Time

Nowadays, a draft takes approximately 40-50 minutes at the Pro Tour: about 20-30 minutes for the actual draft and 20 minutes of deck building. Add the occasional delays and setups, and you get a fairly quick procedure.

Rochester draft would take, in the best-case scenario, almost double that. You could review your picks while the packs were being opened, and when everything was going smoothly, each player had three seconds to select a card after their neighbor did. It would take roughly one and a half minute per pack, times 24, so about 36 minutes.

In practice, it took way longer. At the Pro Tour, there was only one caller for the now-infamous "Next. Draft. Next. Draft". If there was a problem, among all the tables (25 to 40 tables), the table judge would stop the draft… for everyone. The reason for a stoppage would vary from a card that isn't stamped properly, a card sticking to another one, to a player picking at the wrong time… You name it.

I played my first competitive Rochester draft at Worlds in August '97, and I thought that was cool. It was just part of the experience, trying to stay focused and keep your cool. It was just what pros did, and they would use the time off to consider the cards laid down on the table and think about their strategy. By the time I played my second Pro Tour in the format, Mainz in December '97, I thought it was just unprofessional and a huge waste of time. I remember the drafts taking between one hour and a half to two hours each. At that point, forget about memorizing other players' decks, you only wanted it to be over with.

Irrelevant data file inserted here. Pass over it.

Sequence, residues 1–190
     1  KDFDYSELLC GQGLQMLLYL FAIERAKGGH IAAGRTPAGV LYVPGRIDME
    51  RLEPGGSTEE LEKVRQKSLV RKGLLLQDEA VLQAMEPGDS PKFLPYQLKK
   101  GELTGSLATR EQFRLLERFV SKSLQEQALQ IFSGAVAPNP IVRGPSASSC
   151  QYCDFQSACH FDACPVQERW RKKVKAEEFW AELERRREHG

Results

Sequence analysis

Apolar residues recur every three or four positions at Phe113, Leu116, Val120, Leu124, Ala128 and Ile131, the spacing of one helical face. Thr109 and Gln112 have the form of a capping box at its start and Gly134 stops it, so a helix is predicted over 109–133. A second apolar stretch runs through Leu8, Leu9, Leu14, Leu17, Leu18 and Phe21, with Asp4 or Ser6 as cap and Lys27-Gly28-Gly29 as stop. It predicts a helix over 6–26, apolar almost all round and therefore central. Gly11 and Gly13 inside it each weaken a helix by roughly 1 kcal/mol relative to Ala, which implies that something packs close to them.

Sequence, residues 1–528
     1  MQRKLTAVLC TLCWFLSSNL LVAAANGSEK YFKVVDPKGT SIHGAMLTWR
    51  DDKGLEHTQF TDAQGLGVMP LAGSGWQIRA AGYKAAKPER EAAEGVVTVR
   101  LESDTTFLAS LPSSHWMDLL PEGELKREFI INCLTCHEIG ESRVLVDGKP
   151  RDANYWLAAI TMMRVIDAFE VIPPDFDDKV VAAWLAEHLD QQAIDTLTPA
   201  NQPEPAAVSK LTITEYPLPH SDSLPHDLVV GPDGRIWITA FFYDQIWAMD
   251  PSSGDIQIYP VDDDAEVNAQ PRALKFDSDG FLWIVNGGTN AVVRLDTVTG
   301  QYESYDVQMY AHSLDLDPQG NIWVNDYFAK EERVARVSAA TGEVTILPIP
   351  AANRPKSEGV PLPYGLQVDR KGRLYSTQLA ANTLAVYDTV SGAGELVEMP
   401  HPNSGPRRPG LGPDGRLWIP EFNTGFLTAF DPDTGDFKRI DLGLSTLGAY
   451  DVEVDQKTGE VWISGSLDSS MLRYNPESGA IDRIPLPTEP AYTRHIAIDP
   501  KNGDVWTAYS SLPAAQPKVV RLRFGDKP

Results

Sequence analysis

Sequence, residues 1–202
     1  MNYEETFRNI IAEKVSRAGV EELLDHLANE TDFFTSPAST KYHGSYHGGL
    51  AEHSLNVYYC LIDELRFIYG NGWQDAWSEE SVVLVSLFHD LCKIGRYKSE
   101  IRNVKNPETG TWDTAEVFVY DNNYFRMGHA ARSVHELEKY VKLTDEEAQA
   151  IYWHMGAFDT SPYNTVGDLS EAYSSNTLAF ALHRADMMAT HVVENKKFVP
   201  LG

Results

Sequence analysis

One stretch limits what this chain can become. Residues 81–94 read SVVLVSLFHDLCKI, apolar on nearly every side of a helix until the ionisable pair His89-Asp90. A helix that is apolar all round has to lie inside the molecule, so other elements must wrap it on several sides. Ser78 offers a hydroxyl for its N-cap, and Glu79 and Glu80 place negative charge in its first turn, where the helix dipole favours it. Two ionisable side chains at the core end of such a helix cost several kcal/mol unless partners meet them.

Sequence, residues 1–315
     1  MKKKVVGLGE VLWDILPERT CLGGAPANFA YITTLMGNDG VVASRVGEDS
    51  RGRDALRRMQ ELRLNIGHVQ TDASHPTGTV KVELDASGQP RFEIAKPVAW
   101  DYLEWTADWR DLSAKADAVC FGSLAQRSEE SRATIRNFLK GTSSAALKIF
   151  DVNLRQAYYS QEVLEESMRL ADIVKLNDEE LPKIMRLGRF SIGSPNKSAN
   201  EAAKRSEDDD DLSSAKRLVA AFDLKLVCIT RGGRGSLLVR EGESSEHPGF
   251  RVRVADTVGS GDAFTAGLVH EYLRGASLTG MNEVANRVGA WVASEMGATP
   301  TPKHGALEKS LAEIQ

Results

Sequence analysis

By 2005, things ran a little more smoothly, table judges would take over issues individually (and call the drafts for the table where the issue happened only), only delaying the draft after all picks were chosen instead of in the middle of a pack. It would still take significantly longer than a booster draft. GP Day 2's would also finish super late (three drafts in a day…).

From a logistical stand point, the format had to be dropped.

Fairness

In a Booster Draft, the chances between the players when the draft starts are about even. One would argue that a player sitting next to a less experienced player would have more chances to get passed something good, making things unfair, but there's not much to be done about that. Being seated in seat one, two or eight in a Rochester draft was difficult to Overcome. Seat seven was not as bad but still not great. You wanted to be seated in the middle of those somewhere.